CLEVELAND (AP) — Flanked by a security official, Tyronn Lue walked from Cleveland’s locker room toward his first postgame press conference in the NBA playoffs.
Lue had nothing to fear. He had all the answers in acing his first test.
The Cavaliers withstood a gritty Game 1 performance by the young and brash Detroit Pistons, who shot themselves to a seven-point lead early in the fourth quarter before Lue, making his postseason coaching debut, called a timeout and moved Kevin Love to center. Cleveland took off from there and rolled to victory.
“Nice job, coach,” a fan shouted at Lue. “Just 15 more.”
With Cleveland’s Big 3 of LeBron James, Kyrie Irving and Love reunited in the postseason and leading the charge, the Cavs showed composure down the stretch in a 106-101 win over the No. 8 seed Pistons, who flew back to Michigan afterward to regroup for Game 2 on Wednesday night.
Lue’s “small” lineup produced big-time results.
The Cavs ran their offense — specifically a play called “elbow wedge short” — through Love, giving him the ball in the high post. That forced Pistons All-Star center Andre Drummond, the league’s leading rebounder, outside to defend. That opened more space for Cleveland, which reeled off seven quick points to tie the game.
Then, with the teams knotted at 88-all, Love made 3-pointers on consecutive possessions and the Cavs were off and running.
“Kevin at the 5 is tough for them to try to defend,” Lue said. “I think we manufactured probably 10 points in a row just running that play alone. … Kevin at the 5 was a big adjustment for us.”
The Cavs spent Monday watching film at their complex in Independence, Ohio, figuring out how to improve on their performance. They committed just one turnover, but will need to do a better job of contesting the Pistons on the perimeter. Detroit made 10 3-pointers in the first half, when Lue chose to pack the paint to keep Drummond from taking control.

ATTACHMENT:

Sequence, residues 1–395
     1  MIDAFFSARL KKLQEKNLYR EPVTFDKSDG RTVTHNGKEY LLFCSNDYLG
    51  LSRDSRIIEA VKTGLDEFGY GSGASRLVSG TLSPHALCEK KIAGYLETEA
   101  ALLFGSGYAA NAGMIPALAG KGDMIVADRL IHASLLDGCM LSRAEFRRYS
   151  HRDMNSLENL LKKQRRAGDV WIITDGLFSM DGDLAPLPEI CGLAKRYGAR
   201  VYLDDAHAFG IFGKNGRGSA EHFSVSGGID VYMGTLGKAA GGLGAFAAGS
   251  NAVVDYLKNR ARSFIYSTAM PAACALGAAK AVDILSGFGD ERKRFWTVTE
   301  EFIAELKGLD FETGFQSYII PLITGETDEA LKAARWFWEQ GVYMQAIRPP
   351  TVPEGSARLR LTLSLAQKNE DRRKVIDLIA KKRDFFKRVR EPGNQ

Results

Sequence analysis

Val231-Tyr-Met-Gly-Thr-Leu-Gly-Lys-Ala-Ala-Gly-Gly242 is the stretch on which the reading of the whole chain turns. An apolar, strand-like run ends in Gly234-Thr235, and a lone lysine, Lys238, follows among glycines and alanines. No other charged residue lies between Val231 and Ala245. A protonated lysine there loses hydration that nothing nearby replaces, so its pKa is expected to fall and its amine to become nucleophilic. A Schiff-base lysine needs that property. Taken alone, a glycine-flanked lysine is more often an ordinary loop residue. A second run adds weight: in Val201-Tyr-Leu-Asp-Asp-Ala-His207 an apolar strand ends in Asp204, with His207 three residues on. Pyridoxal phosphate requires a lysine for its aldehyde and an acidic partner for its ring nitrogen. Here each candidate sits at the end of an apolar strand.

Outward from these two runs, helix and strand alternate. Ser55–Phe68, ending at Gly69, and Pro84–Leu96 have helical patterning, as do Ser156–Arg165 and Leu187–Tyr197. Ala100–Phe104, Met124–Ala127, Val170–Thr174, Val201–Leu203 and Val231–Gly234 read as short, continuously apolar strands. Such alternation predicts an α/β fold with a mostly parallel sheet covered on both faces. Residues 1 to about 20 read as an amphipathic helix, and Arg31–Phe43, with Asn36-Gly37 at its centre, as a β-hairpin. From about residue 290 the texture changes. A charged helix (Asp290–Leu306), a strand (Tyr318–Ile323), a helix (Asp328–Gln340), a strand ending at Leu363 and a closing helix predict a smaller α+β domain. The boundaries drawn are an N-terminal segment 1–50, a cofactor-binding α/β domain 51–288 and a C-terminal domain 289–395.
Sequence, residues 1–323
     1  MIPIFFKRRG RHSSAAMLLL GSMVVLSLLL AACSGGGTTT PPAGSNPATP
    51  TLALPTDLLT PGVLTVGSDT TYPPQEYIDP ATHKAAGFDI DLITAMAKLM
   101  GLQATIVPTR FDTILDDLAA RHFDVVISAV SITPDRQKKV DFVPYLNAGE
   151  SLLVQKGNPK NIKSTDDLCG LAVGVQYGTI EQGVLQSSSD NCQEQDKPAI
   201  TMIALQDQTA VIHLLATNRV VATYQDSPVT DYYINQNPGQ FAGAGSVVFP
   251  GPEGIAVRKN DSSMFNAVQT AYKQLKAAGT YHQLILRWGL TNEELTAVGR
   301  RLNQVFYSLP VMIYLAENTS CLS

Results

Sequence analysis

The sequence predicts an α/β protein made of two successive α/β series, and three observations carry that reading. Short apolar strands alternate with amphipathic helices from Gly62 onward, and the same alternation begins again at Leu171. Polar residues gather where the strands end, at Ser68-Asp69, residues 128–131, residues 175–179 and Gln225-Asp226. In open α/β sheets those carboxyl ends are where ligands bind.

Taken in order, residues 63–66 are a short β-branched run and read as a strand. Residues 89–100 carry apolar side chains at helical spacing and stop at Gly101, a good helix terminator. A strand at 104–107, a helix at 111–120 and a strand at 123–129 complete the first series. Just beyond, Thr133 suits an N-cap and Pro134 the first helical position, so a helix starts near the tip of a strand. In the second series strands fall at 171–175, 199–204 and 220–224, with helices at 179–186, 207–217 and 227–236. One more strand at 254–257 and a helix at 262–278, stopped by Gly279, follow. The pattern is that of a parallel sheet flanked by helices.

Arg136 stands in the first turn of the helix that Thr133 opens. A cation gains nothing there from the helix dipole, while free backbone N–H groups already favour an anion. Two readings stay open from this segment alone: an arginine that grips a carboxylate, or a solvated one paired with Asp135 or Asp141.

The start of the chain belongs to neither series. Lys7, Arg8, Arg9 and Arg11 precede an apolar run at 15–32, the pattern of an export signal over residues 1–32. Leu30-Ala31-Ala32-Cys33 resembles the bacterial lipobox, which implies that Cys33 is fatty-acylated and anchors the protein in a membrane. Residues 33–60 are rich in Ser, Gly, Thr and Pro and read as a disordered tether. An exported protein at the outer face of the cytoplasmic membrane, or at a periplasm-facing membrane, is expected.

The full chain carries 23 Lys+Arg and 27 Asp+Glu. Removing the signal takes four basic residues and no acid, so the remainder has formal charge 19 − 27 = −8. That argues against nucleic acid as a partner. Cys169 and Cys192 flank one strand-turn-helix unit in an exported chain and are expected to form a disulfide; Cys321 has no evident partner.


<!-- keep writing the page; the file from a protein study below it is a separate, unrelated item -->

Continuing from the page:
But while the defense wasn’t stellar, Love’s 28-point, 13-rebound performance provided both a confidence boost for the three-time All-Star and perhaps a glimpse of how the Cavs will play the rest of the postseason.
One of the knocks on former Cavs coach David Blatt, fired in January despite a 30-13 record, was that he didn’t use Love properly. Blatt kept Love on the bench in the fourth quarter of many games. Lue, though, has managed to maximize Love’s skills and given Pistons coach Stan Van Gundy more to consider for the rest of this series.
The matchup between Lue and Van Gundy, considered one of the league’s best basketball strategists, figured to favor Detroit. But Lue, who played for Van Gundy in Orlando and sat on Doc Rivers’ bench as an assistant with Boston and the Los Angeles Clippers, landed the first blow against his former coach.
“There’s some things I regret,” Van Gundy said afterward. “There’s some things I have to do to help them a little bit more.”
Van Gundy, too, has been impressed with the way Lue has put his stamp on a team expected to get back to the finals. Lue inherited a talented team with its share of dysfunction.
“The expectations are high and there are a lot of veteran guys who are locked into doing things their way. I don’t think Ty has been put in an easy position and he’s done a great job,” Van Gundy said. “Ty has a lot of toughness to him and when he believes in something, my guess is he’ll stand his ground.”
The Pistons prepared for the possibility of Cleveland playing a smaller lineup, but didn’t do enough to stop it. They’re likely to see it even more now given the Cavs’ success.
Van Gundy can counter Lue’s move by taking Drummond out, but doing so would sacrifice inside offense, rim protection and rebounding. Another option would be to switch assignments and perhaps put either forward Marcus Morris or rugged rookie Stanley Johnson on Love.
Whatever Van Gundy decides, Lue will be ready.
He didn’t show any nerves before, during or after his playoff entrance.
“I’ve been preparing for this moment,” he said before the opener. “I think I’m very well prepared.”